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mathewp

San Marcos by mathewp - Occre - Scale 1:50

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      The Bounty's done, so it's on with the next kit. Occre seem to put out a nice kit. I spent more on this one so it should be better. The parts are good quality, and i'll only be replacing the lantern I think, with a nicerer one. This one has sails, which will be new for me to do. There's not much info on the Ship in the kit, so all I know is that it's a Portugese Galleon that was part of the Spanish Armada. Here's some pics of the kit to get the ball rolling.

           Matt.

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It's nice to get started on a new Ship. I spent a few days going through the plans and instructions. Amazingly,  all that's missing is the transfers that go on the Sgields, and the pisture of St Mark that goes on the Transom and 20 ringbolts. My supplier has a 30 day parts replacement policy, so thats taken care of.

        The Bulkheads fit well. No loose ones. I took the time to make a better keel clamp this time round. The plywood keel supplied had a bend, so it was best to make something that would hold it firmly until the master plank went on, hopefully straightening it. It did :). This kit comes with colr photo instructions so I'll basically follow them in order, not all of them, but mostly.Planking the inside Bulwarks is a good idea, but you will have to be careful fitting. These instructions have the decks and onboard Bulkheads planked before hull planking. The angles on the main deck Bulwarks would make it much harder to do later.

        I spent a nice time outside with some sandpaper and a file, while I faired the frames. And then it was time to master plank. Once this plank goes on you put one plank above it and then the lower Gun ports. That's a week and a half of building so far.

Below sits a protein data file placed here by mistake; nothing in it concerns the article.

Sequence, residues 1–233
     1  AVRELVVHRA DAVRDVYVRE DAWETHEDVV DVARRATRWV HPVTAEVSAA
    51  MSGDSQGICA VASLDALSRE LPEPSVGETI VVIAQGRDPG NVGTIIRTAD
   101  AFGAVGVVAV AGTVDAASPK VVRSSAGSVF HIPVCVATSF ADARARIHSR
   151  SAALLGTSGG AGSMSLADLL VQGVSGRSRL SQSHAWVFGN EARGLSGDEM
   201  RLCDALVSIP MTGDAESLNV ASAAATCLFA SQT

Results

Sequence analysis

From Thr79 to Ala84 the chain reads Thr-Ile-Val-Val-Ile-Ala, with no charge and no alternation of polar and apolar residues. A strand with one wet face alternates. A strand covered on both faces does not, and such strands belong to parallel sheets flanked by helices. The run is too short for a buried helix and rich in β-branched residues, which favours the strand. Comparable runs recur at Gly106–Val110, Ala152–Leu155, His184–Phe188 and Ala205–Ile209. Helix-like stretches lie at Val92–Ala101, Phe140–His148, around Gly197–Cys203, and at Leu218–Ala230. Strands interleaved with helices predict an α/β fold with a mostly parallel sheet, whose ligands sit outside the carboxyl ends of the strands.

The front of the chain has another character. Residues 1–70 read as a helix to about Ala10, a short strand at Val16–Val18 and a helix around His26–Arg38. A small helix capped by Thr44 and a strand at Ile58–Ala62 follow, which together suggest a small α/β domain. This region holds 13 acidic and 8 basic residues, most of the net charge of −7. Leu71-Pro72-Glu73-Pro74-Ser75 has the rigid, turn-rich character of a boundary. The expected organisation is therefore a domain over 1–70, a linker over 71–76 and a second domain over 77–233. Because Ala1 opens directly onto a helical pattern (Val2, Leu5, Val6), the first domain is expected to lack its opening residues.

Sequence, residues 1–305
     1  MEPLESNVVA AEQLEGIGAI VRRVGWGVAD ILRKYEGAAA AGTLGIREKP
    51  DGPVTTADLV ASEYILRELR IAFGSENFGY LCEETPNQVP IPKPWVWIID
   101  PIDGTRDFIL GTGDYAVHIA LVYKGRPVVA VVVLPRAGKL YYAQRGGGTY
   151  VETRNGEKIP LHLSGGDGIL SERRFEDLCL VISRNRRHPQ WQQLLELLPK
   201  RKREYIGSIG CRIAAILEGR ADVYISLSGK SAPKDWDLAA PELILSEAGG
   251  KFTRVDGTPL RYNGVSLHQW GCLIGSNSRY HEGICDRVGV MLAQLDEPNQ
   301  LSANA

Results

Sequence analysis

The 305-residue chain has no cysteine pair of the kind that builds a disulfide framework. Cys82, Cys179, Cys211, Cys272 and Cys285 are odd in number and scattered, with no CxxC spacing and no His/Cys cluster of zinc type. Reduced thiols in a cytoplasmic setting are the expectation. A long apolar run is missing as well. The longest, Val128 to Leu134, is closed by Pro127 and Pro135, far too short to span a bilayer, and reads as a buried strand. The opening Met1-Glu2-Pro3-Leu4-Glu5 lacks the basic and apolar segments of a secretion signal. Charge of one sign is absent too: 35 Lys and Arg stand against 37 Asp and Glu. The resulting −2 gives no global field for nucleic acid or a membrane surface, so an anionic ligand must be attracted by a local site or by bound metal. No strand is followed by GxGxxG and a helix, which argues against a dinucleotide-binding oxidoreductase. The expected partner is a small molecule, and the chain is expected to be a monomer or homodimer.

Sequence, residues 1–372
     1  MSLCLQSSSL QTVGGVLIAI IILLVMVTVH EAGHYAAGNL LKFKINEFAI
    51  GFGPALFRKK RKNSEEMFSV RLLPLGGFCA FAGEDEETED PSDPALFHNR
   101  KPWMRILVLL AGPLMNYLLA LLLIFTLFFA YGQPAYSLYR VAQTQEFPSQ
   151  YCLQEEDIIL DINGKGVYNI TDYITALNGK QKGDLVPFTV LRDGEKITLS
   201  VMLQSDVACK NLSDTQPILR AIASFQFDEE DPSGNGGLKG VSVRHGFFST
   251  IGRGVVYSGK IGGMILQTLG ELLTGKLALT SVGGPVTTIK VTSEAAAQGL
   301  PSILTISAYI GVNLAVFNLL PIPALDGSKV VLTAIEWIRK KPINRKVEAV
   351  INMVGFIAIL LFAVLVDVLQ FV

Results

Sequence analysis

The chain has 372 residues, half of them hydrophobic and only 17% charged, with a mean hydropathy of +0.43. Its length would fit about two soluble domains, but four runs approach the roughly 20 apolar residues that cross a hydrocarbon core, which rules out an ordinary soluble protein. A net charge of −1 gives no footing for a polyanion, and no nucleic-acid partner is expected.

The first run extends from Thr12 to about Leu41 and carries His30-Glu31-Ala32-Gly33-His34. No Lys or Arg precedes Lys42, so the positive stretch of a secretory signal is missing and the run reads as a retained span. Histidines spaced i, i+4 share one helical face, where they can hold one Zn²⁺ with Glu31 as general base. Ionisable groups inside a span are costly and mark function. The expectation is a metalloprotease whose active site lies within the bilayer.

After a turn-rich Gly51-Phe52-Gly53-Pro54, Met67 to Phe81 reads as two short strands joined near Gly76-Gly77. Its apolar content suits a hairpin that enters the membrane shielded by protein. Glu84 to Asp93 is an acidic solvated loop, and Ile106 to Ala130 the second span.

There is a slight issue with a transition from thinner to thicker plywood on the half deck Bulwarks. The only way I could think of to fix it was to align the ply with the outside of the hull so that planking was easier (no filler), and blend the inside bulwark from thinner to thicker.This leaves a slight curve . As far as I can see, this doesn't impact on any fittings, and the caprail will disguise it somewhat. Now it's on with hull lower gun ports and then hull planking.  

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Hi Matthew,

 

Looks like your of to a good start, the deck and inner bulwark planking is very neatly done . That first plank looks fairly thick in your last photo. What size is it?

Is this kit double planked?

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Thanks for dropping in Jeff. She is double planked, the second layer is Sapele, which I think is another word for Mahogany. That thick plank is 5mm by 3mm, which was a little tricky to bend. I thought it was a good idea as you can straighten your keel with them before moving on to the rest of the hull. I might use this method on future kits. The only drawback is you need to prepare the slots so you get the right amount rebated into the bulkheads so that your 2mm planks either side fit flush. I got it mostly right. That first plank, also is used as a guide to place the lower gunports.

Edited by mathewp

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      There are a couple of issues now.The plywood for the Gunports is 2mm 3 ply. This makes it easier to bend in one direction. However, this sheet was cut so that it bends easily in the direcyion you don't want it to.There is a curve in the bulkheads where they go, so this has left some filling to do before second planking. One of the gunport placements was wrong , being too far forward, but easy enough to fix. I nedd to work on my planking plan for second layer as the first had too much lateral bend from the gunport placements. In hindsight, it would havebeen better to trim the ply so that there was less. The gunports are not planked over, so it was just a case of making do. You never know how these parts are going to fit until you put them on. 

       I also tried my hand at a half steeler to reduce the amount of planks going to the bow, as tapering brought them to 2.5 mm. The half steeler brought it back up to 3mm. Now it's on to planking the bottom half of the hull. 

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Edited by mathewp

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 OK. The hull is now first planked. I had some issues with the twisting needed to get the planks on the keel. A couple of them broke, so a couple of repairs, no big deal. The hull looks like it has good shape and symmetry. I'll put up some photos after sanding. The aim this time was to taper and bevel better, leaving me an easier sanding with less filler. I think I managed it:) The area over the lower gunports is a different story. The plywood just wouldn't go where I wanted it to, so definately some filler over those.